One big step we took was to look at key questions: Who wrote the Bible? What is the Bible? Why should we read it? How should we read it? It wasn't too difficult to think about what we wanted people to know at this stage; there are some obvious things like knowing it's a collection of books, understanding there's an Old and a New Testament and not feeling like it has to be read in order from Genesis to Revelation. It was at this point that somebody said it was like a smorgasbord! Although we laughed, we realised this is true: the Bible is like a great feast: there are different elements, or courses, which we all need to experience, but within each course there is such a range! Whenever I look at creation I am struck by God's generous provision: suddenly, I could see this in His word. Take for example, a truth such as knowing we are saved. That's a fundamental truth for all of us. But for some people, this allays a fear of death, for others it creates a freedom to be themselves, free from trying to earn eternal life, for somebody else it gives them a sense of value they hadn't felt before. Inspired to go back to  verses which have impacted me in the past, I took another look at Jeremiah 30:17 'But I will restore you to health and heal your wounds, declares the Lord, because you are called an outcast, Zion for whom no-one cares.' This has always spoken to me about acceptance and belonging. However, looking at it afresh, I could see that this would be significant in a different way for a friend of mine with health issues.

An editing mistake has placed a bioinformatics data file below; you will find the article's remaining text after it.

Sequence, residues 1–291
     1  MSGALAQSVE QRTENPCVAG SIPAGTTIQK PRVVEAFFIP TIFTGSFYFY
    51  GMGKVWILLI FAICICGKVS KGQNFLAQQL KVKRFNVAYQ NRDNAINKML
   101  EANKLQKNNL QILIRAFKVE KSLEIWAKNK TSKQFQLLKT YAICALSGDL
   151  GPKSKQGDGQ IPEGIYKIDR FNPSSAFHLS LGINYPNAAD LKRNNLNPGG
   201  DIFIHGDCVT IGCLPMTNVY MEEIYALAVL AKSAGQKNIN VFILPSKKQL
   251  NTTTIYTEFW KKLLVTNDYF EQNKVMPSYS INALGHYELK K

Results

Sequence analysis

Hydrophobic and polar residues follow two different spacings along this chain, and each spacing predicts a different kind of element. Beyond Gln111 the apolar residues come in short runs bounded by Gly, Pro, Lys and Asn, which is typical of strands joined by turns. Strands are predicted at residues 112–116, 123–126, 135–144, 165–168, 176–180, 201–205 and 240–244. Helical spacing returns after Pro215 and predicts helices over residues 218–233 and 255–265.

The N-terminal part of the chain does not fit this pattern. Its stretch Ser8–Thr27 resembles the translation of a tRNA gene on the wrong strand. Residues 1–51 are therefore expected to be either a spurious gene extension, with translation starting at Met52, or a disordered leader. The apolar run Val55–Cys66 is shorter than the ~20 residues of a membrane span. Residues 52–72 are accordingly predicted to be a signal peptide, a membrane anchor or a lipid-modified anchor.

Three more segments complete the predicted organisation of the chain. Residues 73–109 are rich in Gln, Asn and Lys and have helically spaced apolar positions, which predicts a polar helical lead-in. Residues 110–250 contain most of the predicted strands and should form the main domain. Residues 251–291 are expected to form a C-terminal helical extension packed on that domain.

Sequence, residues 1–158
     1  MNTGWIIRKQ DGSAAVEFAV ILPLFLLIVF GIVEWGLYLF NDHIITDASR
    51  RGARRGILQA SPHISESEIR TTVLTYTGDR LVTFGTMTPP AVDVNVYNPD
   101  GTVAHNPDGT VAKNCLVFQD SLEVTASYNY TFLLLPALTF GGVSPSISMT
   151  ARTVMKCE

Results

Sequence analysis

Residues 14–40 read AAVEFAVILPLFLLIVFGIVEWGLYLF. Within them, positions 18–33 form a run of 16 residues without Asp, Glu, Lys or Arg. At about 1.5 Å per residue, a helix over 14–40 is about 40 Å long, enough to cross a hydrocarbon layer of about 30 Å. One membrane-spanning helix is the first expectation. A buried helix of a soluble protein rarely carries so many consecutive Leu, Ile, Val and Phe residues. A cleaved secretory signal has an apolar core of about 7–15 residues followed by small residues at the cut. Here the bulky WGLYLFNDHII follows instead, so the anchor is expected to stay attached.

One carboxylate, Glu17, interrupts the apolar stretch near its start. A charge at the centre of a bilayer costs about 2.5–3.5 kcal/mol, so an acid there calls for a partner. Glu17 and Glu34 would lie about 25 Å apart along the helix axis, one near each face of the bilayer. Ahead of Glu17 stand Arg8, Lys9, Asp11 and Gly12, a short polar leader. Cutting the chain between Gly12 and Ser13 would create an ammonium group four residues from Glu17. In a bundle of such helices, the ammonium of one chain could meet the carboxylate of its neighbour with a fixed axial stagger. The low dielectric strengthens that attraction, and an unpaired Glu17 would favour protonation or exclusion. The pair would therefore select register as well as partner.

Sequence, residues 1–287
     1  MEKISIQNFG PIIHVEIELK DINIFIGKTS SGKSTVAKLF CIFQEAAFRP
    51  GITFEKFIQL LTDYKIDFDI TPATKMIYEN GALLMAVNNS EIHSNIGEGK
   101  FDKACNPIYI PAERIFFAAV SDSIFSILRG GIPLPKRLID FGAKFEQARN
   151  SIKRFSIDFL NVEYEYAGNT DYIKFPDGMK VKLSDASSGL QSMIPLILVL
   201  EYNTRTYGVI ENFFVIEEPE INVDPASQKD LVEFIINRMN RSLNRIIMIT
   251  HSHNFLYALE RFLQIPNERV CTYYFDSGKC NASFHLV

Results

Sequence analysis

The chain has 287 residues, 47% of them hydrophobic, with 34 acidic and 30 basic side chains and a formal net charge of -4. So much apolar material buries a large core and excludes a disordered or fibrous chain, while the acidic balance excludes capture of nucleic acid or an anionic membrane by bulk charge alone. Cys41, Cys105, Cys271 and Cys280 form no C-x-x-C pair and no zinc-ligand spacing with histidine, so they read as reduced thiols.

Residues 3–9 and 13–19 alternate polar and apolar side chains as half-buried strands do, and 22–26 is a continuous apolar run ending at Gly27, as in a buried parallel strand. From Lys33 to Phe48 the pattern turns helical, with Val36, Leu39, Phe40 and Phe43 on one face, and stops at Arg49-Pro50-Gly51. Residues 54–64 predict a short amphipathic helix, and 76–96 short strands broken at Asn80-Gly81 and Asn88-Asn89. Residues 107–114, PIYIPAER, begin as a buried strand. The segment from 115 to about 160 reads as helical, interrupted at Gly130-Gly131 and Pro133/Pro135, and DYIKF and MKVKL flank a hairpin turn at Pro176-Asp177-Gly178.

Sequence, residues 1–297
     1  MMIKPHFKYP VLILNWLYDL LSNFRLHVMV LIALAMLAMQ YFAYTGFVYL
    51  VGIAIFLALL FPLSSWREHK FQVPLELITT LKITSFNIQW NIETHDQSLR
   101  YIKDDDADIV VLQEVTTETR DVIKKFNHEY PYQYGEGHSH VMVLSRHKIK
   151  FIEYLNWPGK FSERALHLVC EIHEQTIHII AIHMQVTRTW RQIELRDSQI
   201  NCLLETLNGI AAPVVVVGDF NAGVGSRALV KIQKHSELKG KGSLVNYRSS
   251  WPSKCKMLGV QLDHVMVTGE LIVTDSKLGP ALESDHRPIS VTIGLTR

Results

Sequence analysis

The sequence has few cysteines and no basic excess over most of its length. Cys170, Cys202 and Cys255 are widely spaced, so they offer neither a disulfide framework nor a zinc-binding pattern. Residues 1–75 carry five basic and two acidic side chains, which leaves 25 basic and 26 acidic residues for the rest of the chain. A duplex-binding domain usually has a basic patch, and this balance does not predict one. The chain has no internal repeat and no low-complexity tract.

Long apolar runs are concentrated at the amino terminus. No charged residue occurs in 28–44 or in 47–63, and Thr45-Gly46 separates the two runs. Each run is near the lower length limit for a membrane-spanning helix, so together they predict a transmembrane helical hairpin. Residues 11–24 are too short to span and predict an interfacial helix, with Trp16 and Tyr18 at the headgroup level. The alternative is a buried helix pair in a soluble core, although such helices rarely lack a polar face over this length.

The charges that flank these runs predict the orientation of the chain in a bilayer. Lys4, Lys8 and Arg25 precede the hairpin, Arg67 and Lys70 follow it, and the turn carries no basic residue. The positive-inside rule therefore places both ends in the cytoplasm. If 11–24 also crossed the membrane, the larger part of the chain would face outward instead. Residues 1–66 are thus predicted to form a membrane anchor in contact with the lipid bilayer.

The important thing is, the same God who made us, made His word. He provided it for everyone, knowing at the same time how it would be used to shape laws, governments and countries, yet caring enough that there's that specific story or verse just right for when I'm making a difficult decision at work, or a friend's child is starting a new school.

Have you ever been to a particularly fancy hotel? When I think about the Bible as a feast, I can see the head chef lovingly spreading out his buffet, making sure it's got a bit of everything it should. Yet at the same time, He's looking at each person as they come up in the queue, smiling as he straightens the dish they need, turns something to the front so they can see it better.

What about our own writing? We don't know our readers like God knows His. Nevertheless, if we trust His anointing and write for Him, we can trust that He will help us create work which delivers something significant. I would have said that faith and forgiveness are key themes in my novel, but I'm beginning to see other topics, like resilience and trust, that might also mean something to my readers.

I hope our house group are able to help those new to God's word. But I also want to continue to delve deeper into the Bible myself, walking with the Holy Spirit and engaging with the words I need to know. I don't know exactly what I will find, but I know it will be the very best for me, and for those I share it with.




Rebecca Seaton mostly writes fantasy but would love to write a crime novel one day if she could just pin down a coherent plot. She manages a behaviour recovery provision for primary children and is on the advisory panel for Pen to Print, a Barking and Dagenham-based initiative for supporting new writers.


Monday, 22 April 2019

Jesus Is (Still) Alive! by Emily Owen


This time last month, I was in hospital, following an operation. I’m fine, all went well, but the reason I’m mentioning it is this:

The bed that was found for me was in an Intensive Care (ICU) room. I didn’t need to be there medically, but that’s where the bed was. After a shift change, a nurse walked into the room and I said, “Hello”. She jumped a mile! She knew there was a patient in that room but, being ICU, she’d thought the patient would be unconscious.